A state trooper accuses a newspaper of giving favorable coverage to the Vermont Human Rights Commission in exchange for access to a confidential commission report implicating the trooper and public safety agencies in the state.
The investigative report, released to the media in June, found that several soldiers, Vermont State Police and the state Department of Public Safety had discriminated against a African-American woman because of her race and gender in responding to her calls for help with a landlord. – tenant dispute.
The report was the result of a three-year investigation by a commission investigator into the discrimination complaints of Lydia Clemmons, manager of the Clemmons family farm in Charlotte.
The investigator found state police were hostile to Clemmons and challenged his claims for protection from a male tenant who allegedly harassed and intimidated his family in late 2017. The five-member Human Rights Commission of Vermont unanimously agreed to accept the findings of the report.
Cpl. Andrew Leise, a trooper with the state police’s Williston Barracks, was named in the report and in a subsequent article in the weekly Seven Days. He is now suing the Commission on Human Rights, its executive director, its chairman of the board of directors, and Seven Days in federal court, alleging that they violated his civil rights, including breach of due process, invasion of privacy and defamation.
Leise’s 69-page lawsuit, filed Tuesday in U.S. District Court in Vermont, attacked the defendants on multiple fronts. He alleges that commission leaders “exploited” the racial difference between Clemmons and the Vermont State Police, which the complaint describes as a predominantly white agency, to politically promote the Human Rights Commission as aligned with national movements such as Black Lives Matter.
He also alleges that the leaders of the commission “manipulated and falsified” the report of their investigator to show a finding of discrimination.
The complaint says the commission’s executive director, Bor Yang, gave Seven Days a copy of the investigation report when it should have been kept confidential.
It was supposedly part of an “arrangement,” according to Leise’s complaint. The commission would give the Burlington-based newspaper a copy of the investigative report “in exchange for favorable coverage”, he claimed, which would promote the commission’s leadership, shape public opinion against police in state and would eliminate the review of the investigation report.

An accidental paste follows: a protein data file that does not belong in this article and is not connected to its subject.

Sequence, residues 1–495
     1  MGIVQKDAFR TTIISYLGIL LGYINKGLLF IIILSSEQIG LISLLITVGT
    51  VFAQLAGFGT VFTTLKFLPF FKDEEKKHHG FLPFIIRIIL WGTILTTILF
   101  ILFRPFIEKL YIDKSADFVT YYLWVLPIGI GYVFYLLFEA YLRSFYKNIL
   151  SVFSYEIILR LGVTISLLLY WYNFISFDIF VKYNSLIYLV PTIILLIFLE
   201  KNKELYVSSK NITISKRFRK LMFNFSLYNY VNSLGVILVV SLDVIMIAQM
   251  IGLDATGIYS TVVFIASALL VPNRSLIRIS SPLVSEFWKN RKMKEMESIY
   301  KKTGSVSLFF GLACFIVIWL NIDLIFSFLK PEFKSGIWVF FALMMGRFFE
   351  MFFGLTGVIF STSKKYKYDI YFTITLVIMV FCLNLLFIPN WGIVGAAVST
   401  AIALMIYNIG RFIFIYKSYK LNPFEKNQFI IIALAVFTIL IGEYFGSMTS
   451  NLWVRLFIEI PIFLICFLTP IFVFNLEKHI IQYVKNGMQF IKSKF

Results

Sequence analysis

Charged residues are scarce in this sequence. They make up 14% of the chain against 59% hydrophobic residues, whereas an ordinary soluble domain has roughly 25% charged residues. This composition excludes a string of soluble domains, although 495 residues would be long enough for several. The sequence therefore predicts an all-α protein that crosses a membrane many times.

The complaint said Seven Days then published an article about the report’s “false content” and singled out Leise for “misrepresenting him as racist”.
He said Seven Days did not contact Leise for comment or for an opportunity to respond to the charges against him. And that after the story was published, commission chairman Rep. Kevin Christie, D-Hartford, allegedly refused to discuss with Leise how the soldier could clear his name.
The Seven Days article says the newspaper received an electronic version of the commission’s report on June 10, the same day it requested a copy. His story was published on June 23, a week after the report appeared in other media.
Several other outlets, including VTDigger, also wrote about the report.
Leise’s lawsuit said the defendants’ “malicious” actions ruined his name and reputation. In addition, he added, Leise lost her career as a law enforcement officer and her income.
He seeks a jury trial and compensation, including punitive damages.
Leise joined the Vermont State Police in January 2000 and remains an employee, according to agency spokesman Adam Silverman. He is still assigned to Williston Barracks, although he has been on leave, Silverman said.
Silverman declined to say how long Leise has been on furlough and when he could return to duty. He did not respond to a request for comment on Leise’s trial.
Yang, the commission’s director, did not respond to a request for comment on Friday.
Seven Day editor and publisher Paula Routly told VTDigger on Thursday that the publication has not yet officially received a copy of Leise’s complaint, but will discuss the lawsuit with her attorneys.
“Seven Days stands by the story we have published,” Routly said in an emailed statement. “At this time, we have no further comments.”
An attorney specializing in First Amendment law, Greg Sullivan, said the Seven Days story is protected by fair reporting privilege — a defense for journalists who faithfully summarize government reports or official statements.
“Even if the government action contains defamatory material, fair reporting privilege will protect the press,” said Sullivan, who teaches First Amendment and media law at Boston Suffolk University and serves on the board of directors. administration of the New England First Amendment Coalition.
The Vermont Supreme Court has recognized that privilege, Sullivan said, and in this case, Vermont law would apply even if Leise’s lawsuit is filed in federal court.
The privilege would apply regardless of how the media obtained the official reports or statements, he said.
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